J Endocrinol Metab
Journal of Endocrinology and Metabolism, ISSN 1923-2861 print, 1923-287X online, Open Access
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Case Report

Volume 5, Number 5, October 2015, pages 299-303


Ipilimumab-Induced Hypophysitis May Not Affect All Pituitary Cell Lines: A Case Report

Anupam Kotwala, d, Sarika Raob, Richard Allen Haasc

aDepartment of Medicine, University of Massachusetts Medical School, 55 Lake Avenue North, Room H6-531, Worcester, MA 01655, USA
bDepartment of Endocrine Neoplasia and Hormonal Disorders, The University of Texas MD Anderson Cancer Center, Houston, TX 77030, USA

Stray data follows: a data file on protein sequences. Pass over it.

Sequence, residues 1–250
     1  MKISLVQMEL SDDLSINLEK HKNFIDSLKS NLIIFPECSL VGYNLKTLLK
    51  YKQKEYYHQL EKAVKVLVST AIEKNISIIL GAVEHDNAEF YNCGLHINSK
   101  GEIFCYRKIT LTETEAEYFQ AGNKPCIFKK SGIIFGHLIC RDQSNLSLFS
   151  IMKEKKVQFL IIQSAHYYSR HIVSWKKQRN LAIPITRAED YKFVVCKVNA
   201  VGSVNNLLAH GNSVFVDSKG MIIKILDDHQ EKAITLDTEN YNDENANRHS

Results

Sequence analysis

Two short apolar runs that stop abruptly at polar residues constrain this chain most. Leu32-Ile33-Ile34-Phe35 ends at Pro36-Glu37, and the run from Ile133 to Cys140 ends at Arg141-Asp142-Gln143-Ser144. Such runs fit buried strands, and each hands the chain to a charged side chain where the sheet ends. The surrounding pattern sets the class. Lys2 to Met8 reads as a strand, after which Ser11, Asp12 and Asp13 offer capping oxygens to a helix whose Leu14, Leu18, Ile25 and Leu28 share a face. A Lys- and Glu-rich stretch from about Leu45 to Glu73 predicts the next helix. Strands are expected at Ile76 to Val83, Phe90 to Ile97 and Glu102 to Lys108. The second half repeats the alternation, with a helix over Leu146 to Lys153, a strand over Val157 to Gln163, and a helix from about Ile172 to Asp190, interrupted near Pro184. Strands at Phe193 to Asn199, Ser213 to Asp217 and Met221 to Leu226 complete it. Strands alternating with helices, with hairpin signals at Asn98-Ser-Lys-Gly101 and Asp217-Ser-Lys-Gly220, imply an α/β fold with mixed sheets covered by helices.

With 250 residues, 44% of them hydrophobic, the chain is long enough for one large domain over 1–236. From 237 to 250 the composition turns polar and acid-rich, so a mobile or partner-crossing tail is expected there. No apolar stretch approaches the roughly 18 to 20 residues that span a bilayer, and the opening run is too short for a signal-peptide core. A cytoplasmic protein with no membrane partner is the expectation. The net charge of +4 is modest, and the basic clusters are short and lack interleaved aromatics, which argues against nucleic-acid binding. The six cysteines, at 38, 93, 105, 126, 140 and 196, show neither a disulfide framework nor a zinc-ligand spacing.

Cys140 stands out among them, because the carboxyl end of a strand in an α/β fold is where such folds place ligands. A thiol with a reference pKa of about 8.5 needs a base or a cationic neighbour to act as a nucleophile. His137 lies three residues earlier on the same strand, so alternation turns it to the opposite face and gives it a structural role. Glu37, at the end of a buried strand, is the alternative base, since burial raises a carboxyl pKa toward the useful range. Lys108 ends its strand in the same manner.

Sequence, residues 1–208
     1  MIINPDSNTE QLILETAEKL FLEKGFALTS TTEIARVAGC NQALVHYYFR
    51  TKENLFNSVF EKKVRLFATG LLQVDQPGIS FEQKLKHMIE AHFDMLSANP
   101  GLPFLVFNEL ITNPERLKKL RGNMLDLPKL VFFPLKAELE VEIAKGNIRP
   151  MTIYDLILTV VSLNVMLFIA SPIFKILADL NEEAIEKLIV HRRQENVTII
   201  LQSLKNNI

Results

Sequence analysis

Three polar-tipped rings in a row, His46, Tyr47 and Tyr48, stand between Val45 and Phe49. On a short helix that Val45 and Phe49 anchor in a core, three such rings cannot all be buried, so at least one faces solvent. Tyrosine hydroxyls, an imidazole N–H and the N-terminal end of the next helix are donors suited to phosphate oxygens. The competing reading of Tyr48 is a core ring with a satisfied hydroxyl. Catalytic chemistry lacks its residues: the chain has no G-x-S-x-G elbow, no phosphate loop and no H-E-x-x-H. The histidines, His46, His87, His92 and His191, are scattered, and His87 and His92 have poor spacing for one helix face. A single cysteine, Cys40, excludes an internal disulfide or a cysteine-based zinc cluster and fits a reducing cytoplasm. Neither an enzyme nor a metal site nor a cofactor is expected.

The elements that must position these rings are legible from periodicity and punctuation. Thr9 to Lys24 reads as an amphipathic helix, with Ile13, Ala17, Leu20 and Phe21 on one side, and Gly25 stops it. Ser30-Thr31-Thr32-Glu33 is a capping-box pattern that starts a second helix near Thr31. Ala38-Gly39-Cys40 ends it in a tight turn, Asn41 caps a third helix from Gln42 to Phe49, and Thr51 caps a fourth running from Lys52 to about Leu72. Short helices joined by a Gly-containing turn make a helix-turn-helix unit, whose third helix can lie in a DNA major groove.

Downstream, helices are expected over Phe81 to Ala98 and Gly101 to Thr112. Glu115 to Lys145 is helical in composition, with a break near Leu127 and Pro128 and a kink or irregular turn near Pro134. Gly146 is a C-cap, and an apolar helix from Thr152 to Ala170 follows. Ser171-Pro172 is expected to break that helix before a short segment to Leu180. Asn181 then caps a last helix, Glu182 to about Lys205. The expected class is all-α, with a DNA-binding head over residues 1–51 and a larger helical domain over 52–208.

cDivision of Endocrinology, Diabetes and Metabolism, Department of Medicine, University of Massachusetts Medical School, 55 Lake Avenue North, Worcester, MA 01655, USA
dCorresponding Author: Anupam Kotwal, Department of Medicine, University of Massachusetts Medical School, 55 Lake Avenue North, Room H6-531, Worcester, MA 01655, USA

Manuscript accepted for publication October 26, 2015
Short title: Ipilimumab-Induced Hypophysitis
doi: http://dx.doi.org/10.14740/jem287w

Abstract▴Top